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Medline ® Abstract for Reference 29

of 'Hereditary pancreatitis'

SPINK1/PSTI polymorphisms act as disease modifiers in familial and idiopathic chronic pancreatitis.
Pfützer RH, Barmada MM, Brunskill AP, Finch R, Hart PS, Neoptolemos J, Furey WF, Whitcomb DC
Gastroenterology. 2000;119(3):615.
BACKGROUND& AIMS: Gain-of-function trypsin mutations cause acute pancreatitis and chronic pancreatitis. Loss of trypsin inhibitor function may have similar effects. We investigated the prevalence of SPINK1 (PSTI) mutations in familial pancreatitis, idiopathic chronic pancreatitis, and controls.
METHODS: Genetic-linkage studies were performed in 5 familial pancreatitis families. The entire SPINK1 gene was sequenced in 112 affected individuals and 95 control DNA samples, and exon 3 was sequenced in 95 additional controls. X-ray crystallography-based model building and statistical studies were performed.
RESULTS: Significant linkage between pancreatitis and 5q31.1-2 was excluded. Novel SPINK1 mutations, one D50E mutation, one IVS3+125 C>A, and five IVS3+184 T>A intronic polymorphisms were identified. The N34S and P55S mutations were observed in 29 of 112 patients (25%) as N34S/N34S (n = 7), N34S/wt (n = 19), N34S/P55S (n = 2), and N34S/D50E (n = 1). Three hundred eighty control alleles revealed 3 N34S (0.77%), 2 P55S (0.53%), and no D50E mutations. Age of disease onset and severity were similar between homozygous and heterozygous patients. Structural modeling revealed several possible pathophysiologic mechanisms for the N34S mutation.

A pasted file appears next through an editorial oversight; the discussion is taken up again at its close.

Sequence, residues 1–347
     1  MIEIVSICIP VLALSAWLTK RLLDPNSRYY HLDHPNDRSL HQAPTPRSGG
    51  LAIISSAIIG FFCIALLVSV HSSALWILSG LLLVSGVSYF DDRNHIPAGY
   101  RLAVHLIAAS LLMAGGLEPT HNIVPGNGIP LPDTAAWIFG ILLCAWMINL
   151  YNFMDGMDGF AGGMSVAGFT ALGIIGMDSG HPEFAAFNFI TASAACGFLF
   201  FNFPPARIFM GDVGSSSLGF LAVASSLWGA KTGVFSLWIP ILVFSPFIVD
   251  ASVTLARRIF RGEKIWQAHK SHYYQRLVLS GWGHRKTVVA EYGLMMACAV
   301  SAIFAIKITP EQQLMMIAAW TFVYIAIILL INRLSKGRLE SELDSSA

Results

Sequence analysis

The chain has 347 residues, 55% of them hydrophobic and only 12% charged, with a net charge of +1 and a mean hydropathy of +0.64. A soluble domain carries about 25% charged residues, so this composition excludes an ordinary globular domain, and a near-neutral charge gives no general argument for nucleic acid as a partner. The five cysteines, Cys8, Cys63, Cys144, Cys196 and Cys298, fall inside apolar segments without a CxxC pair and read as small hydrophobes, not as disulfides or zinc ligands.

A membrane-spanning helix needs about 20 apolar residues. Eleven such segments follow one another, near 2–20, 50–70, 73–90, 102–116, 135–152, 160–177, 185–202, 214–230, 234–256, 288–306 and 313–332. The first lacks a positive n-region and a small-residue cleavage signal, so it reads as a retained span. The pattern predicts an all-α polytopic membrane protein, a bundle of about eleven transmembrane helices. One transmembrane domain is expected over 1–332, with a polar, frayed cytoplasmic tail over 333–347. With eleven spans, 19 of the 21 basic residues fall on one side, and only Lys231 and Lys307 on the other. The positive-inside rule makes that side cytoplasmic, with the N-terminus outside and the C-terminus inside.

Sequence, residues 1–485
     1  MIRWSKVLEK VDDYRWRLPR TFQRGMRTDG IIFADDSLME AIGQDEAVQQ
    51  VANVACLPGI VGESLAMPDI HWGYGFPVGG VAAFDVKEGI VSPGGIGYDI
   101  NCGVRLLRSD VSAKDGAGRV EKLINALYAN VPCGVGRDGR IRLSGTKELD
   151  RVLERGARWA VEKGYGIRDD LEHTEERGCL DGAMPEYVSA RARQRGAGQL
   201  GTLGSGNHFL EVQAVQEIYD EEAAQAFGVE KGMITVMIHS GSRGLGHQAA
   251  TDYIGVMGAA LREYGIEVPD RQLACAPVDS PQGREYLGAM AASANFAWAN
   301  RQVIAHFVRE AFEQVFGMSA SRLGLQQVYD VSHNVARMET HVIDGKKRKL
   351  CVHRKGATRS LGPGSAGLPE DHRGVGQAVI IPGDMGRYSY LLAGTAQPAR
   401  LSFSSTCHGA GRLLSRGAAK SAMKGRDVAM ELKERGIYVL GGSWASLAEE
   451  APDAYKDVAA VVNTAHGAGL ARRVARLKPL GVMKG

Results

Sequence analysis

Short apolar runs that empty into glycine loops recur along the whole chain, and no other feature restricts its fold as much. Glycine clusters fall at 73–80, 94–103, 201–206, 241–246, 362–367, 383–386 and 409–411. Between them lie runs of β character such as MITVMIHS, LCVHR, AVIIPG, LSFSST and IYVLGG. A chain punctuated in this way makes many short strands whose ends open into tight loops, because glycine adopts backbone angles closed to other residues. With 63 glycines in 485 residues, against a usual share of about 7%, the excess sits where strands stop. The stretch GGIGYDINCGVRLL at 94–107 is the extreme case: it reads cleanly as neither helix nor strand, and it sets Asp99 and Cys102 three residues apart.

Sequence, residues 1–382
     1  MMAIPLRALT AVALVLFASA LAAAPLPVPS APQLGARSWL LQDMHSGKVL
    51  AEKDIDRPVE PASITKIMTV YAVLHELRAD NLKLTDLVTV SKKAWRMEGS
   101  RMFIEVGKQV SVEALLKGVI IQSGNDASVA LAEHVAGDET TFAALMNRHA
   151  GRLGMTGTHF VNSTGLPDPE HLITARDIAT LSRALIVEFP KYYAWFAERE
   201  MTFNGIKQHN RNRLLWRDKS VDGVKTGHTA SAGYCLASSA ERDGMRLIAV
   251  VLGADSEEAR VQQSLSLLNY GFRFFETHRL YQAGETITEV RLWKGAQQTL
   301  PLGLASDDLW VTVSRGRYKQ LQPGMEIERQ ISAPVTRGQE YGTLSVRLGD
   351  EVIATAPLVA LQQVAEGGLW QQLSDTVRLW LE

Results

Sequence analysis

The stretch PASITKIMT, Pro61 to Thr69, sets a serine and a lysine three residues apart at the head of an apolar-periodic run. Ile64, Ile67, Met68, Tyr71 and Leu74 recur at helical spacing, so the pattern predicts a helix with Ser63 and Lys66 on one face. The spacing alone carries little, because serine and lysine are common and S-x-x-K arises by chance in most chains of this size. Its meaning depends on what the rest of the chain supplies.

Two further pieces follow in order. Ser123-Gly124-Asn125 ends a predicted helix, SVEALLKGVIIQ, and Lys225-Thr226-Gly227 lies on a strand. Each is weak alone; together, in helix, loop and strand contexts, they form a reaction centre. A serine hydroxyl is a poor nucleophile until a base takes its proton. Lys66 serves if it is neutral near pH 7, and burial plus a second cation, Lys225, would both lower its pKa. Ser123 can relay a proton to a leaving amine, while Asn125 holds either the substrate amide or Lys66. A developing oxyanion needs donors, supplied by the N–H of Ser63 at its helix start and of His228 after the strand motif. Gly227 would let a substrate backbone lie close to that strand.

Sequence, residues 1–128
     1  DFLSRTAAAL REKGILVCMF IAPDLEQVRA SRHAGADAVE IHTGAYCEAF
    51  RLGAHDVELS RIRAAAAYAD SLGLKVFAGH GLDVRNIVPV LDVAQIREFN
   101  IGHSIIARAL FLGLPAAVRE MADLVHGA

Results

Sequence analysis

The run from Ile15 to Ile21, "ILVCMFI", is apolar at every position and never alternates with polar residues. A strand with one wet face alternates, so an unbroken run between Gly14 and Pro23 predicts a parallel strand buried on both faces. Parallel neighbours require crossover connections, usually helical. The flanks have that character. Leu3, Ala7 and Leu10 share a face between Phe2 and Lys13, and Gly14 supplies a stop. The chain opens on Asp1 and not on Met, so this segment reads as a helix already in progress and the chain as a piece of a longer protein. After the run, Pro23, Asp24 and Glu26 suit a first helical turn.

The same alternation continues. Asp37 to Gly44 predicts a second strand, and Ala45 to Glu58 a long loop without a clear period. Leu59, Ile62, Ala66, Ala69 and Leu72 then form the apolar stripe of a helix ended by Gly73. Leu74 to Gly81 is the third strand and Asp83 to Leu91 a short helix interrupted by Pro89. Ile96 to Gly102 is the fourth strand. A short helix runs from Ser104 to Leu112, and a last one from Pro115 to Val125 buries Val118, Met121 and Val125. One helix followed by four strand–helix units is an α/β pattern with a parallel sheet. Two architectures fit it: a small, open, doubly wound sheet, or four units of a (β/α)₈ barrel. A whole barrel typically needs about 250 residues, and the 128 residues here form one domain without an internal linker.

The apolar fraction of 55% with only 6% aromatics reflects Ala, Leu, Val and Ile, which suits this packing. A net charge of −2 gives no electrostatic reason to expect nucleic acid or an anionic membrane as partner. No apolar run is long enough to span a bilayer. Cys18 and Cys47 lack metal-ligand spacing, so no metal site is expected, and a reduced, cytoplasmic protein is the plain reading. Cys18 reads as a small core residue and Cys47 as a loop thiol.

CONCLUSIONS: SPINK1 mutations are common in the population (approximately 2%), but are clearly associated with pancreatitis. The mutation-associated risk is low. Modeling and familial clustering suggest that SPINK1 mutations are disease modifying, possibly by lowering the threshold for pancreatitis from other genetic or environmental factors, but by themselves do not cause disease.
Department of Medicine, University of Pittsburgh, Pittsburgh, Pennsylvania 15261, USA.